Aug. 29 (Bloomberg) -- The Czech government’s funding costs fell to an all-time low for the fifth consecutive bond auction as the koruna’s appreciation to the strongest in four months added to expectations for interest-rate cuts to zero.
The country sold 4.7 billion koruna ($238 million) of fixed-rate debt maturing in 2021 and floating-rate bonds due 2017, data compiled by Bloomberg shows. Investors bid for more than twice the amount raised. The average accepted yield on the nine-year securities fell to 2.14 percent, the lowest ever, compared with 2.32 percent at their last sale on July 18.
Slowing global growth and the koruna’s gains are dimming prospects for the Czech export-led economy after three quarters of contraction. The Czech National Bank, which reduced its main rate to a record-low 0.5 percent in June, may decrease its forecast for gross domestic product, and rate cuts toward zero cannot be ruled out, board member Lubomir Lizal said on Aug. 19.
“Czech rates may fall to zero or even negative, especially should the koruna stay at the current strong levels,” Jaromir Sindel, a Prague-based economist at Citigroup Inc., said in a telephone interview yesterday. The bank forecasts the benchmark rate will be reduced to 0.05 percent by yearend, he said. “Before introducing negative rates, the CNB would probably consider intervening against the koruna.”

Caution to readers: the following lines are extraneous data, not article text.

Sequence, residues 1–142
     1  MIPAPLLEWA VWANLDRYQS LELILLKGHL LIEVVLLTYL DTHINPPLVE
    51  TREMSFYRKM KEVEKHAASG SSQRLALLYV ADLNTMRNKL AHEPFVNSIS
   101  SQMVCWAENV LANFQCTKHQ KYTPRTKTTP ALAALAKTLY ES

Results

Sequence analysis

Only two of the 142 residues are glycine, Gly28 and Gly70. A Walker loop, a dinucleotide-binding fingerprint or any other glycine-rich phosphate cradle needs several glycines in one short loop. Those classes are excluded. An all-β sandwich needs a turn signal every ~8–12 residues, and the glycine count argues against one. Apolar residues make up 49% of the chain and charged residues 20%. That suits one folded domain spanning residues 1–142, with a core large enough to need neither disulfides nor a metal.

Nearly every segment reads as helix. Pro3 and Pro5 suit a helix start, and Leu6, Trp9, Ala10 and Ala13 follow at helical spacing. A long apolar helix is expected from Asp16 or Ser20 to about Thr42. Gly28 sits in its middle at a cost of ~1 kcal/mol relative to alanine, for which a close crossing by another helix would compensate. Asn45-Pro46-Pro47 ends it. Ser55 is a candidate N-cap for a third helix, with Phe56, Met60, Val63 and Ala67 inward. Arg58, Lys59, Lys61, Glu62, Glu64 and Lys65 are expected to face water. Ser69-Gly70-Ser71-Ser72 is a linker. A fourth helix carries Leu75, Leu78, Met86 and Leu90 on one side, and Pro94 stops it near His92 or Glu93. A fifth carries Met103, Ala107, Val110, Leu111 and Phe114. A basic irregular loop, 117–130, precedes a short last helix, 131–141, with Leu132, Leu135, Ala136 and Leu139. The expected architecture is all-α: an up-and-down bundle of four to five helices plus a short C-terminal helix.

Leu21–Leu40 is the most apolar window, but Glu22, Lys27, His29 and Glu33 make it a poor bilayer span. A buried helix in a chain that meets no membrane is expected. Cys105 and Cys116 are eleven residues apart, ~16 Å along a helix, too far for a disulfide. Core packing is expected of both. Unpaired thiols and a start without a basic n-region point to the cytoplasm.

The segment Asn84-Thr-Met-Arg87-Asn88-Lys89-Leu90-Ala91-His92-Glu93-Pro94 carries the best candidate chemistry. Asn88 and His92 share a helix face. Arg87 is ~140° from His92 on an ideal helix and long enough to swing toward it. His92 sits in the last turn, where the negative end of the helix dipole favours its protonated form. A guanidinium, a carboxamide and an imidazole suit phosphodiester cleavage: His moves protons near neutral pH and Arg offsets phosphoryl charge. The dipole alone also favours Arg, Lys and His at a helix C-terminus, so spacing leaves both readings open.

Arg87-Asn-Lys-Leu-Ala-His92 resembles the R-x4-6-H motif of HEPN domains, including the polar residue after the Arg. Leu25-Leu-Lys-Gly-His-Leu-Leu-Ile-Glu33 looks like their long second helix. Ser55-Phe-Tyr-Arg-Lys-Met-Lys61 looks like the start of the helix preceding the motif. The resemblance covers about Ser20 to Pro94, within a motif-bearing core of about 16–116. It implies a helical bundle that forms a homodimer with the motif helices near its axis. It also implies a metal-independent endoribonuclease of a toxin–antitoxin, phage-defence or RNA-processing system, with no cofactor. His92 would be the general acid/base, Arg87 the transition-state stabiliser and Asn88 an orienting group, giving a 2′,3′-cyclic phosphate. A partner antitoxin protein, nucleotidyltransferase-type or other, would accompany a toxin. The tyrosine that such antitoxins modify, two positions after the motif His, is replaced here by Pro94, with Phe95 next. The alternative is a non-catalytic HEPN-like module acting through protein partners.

Forward-rate agreements, or FRAs, show investors expect the CNB to cut the benchmark -- already below the European Central Bank’s 0.75 percent -- to zero by May. Nine-month FRAs fell to 50 basis points, or 0.50 percentage point, less than the Prague interbank offered rate this week, the strongest bet on policy easing since February 2009, data compiled by Bloomberg show.
The Czech currency has gained 2.1 percent against the euro this month, the second-most among major emerging-market peers tracked by Bloomberg. Its appreciation hurts revenue from Czech exports, which account for about 75 percent of GDP, according to statistics office data. The CNB may counter further economic weakness with zero or negative rates and may act to weaken the koruna by about 10 percent, Mai Doan, an analyst with Bank of America Merrill Lynch in London, wrote in an Aug. 6 report.
The koruna weakened 0.3 percent today to 24.808 per euro by 4:29 p.m. in Prague, after a 0.9 percent gain in the previous four sessions to the strongest since April on closing basis.
Policy makers were split at their last meeting on Aug. 2 in assessing inflation risks, voting four-to-two to hold rates. The “delay” in monetary easing raises the risk that the central bank will have to adopt more radical measures to avert deflation, Vice Governor Vladimir Tomsik said two weeks ago.
Czech bonds are luring investors with higher credit ratings than for most euro members, public debt at half the euro-area average and Prime Minister Petr Necas’s pledge to lower the budget deficit to below the European Union’s 3 percent of GDP limit next year for the first time since 2008.